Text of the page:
Draft immigration legislation being hammered out by the White House was leaked to USA Today over the weekend, and the paper had no trouble finding Republicans who balked at the president's plan. Sen. Marco Rubio (R-Fla.), one of the members of the bipartisan "Gang of Eight" who recently cooperated on a proposal for comprehensive immigration reform, called the White House draft "dead on arrival."
Opponents of immigration reform however, see the exchange as theater—"the point of leaking the bill is to enable Rubio to say that his amnesty plan is waaay different from the dastardly Obama plan," wrote the Center for Immigration Studies' Mark Krikorian at National Review. As a policy matter, Krikorian isn't entirely wrong: Rubio's hometown paper, the Miami Herald, also got ahold of the White House's drafts and concluded that they "closely resemble many of the reforms advanced in 2011 by Obama and, more recently, by Republican Florida Sen. Marco Rubio." (If you've been reading Mother Jones, that's hardly surprising.)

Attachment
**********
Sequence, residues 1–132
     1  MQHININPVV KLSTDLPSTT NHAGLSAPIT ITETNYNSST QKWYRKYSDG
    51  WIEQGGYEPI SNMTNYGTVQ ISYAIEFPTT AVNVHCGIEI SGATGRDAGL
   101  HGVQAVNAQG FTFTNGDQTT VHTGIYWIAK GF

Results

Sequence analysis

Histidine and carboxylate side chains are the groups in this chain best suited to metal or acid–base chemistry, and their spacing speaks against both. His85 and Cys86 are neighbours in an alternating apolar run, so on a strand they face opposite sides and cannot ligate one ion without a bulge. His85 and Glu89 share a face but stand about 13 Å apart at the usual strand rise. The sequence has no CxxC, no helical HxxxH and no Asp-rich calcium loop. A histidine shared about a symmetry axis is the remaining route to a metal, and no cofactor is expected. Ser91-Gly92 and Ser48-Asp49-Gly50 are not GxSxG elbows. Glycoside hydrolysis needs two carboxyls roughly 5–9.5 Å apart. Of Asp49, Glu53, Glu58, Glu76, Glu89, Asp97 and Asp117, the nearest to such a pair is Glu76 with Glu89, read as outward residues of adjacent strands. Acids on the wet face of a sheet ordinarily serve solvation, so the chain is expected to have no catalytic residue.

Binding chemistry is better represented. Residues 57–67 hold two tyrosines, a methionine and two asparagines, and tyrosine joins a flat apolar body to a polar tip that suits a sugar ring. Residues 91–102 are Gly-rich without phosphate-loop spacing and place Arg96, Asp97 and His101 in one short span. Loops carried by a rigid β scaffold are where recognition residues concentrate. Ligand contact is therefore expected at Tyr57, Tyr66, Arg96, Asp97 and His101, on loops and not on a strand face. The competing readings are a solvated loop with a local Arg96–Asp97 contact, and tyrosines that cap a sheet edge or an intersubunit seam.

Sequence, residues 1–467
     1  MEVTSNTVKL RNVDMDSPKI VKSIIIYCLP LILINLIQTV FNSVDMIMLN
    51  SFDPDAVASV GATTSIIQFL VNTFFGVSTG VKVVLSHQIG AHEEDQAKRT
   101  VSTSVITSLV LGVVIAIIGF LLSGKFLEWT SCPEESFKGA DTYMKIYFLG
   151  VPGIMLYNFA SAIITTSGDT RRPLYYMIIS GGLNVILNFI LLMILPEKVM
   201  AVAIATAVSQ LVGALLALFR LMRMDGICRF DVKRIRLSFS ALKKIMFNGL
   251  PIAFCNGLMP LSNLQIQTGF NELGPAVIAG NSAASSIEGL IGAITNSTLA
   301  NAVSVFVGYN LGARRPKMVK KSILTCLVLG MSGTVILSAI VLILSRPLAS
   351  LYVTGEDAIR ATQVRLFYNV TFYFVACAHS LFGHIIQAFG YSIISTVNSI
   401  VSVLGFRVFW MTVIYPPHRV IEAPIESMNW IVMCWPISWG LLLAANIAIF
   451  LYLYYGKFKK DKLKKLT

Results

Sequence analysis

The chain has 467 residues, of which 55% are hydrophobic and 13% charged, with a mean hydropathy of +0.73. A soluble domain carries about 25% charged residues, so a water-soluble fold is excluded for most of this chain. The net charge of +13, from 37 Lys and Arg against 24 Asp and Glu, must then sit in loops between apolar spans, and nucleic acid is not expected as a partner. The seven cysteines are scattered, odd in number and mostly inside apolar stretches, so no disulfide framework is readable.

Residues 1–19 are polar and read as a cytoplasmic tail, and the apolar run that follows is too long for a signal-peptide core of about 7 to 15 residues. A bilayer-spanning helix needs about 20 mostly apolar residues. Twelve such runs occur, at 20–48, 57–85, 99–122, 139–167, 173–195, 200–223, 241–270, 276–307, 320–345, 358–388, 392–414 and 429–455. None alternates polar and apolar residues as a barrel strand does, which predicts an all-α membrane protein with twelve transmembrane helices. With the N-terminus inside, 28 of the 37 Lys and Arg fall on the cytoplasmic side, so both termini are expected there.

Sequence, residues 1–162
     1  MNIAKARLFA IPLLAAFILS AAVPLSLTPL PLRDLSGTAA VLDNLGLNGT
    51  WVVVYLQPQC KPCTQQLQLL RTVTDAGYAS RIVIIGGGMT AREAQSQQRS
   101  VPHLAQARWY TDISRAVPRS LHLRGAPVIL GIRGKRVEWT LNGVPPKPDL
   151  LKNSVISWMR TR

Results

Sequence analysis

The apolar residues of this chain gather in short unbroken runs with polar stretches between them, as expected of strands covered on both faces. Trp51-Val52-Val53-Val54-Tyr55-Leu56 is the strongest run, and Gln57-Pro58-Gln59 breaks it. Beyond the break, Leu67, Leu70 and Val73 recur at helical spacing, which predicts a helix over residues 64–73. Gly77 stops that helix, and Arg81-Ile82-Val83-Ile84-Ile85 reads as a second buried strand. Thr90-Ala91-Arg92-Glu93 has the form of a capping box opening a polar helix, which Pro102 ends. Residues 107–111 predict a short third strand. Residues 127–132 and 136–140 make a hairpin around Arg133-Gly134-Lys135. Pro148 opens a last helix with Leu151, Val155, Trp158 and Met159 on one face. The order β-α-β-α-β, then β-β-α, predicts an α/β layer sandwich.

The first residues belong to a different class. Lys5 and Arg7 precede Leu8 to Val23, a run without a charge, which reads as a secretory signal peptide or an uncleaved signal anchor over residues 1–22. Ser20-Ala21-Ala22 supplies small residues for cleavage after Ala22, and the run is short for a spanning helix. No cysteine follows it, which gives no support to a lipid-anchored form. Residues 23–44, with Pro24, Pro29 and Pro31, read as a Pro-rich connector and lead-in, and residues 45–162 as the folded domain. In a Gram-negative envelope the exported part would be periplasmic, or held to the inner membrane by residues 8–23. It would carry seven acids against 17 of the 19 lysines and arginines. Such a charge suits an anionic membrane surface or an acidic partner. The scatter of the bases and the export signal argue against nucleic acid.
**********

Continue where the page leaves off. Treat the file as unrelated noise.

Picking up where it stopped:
What may be surprising however, is that Obama's bill sets out a very long road to citizenship for undocumented immigrants. As Suzy Khimm writes at the Washington Post, under Obama's proposal, those undocumented immigrants who are eligible for legalization would likely have to wait around 13 years for full citizenship—eight years of temporary legal status before acquiring a green card, then, as is standard under US law, about another five for citizenship. (If a backlog of existing visa applications is cleared before that initial eight years, the total wait could be shorter.) Lynn Tramonte, deputy director of the pro-reform group America's Voice, tells Khimm that Obama's proposal would "delay citizenship another generation."
Compare that with the Immigration Control and Reform Act of 1986 that was signed by President Ronald Reagan, which allowed undocumented immigrants to apply for green cards after a temporary legal status of just 18 months. Add in the standard five years green-card holders have to wait before seeking citizenship, and under the bill Reagan signed the path to citizenship was half as long as Obama's would be.
So if you're looking for an indication of where America's immigration debate stands in 2013, note that Obama's liberal proposal would be significantly harsher than the law put in place by the patron saint of American conservatism more than 25 years ago.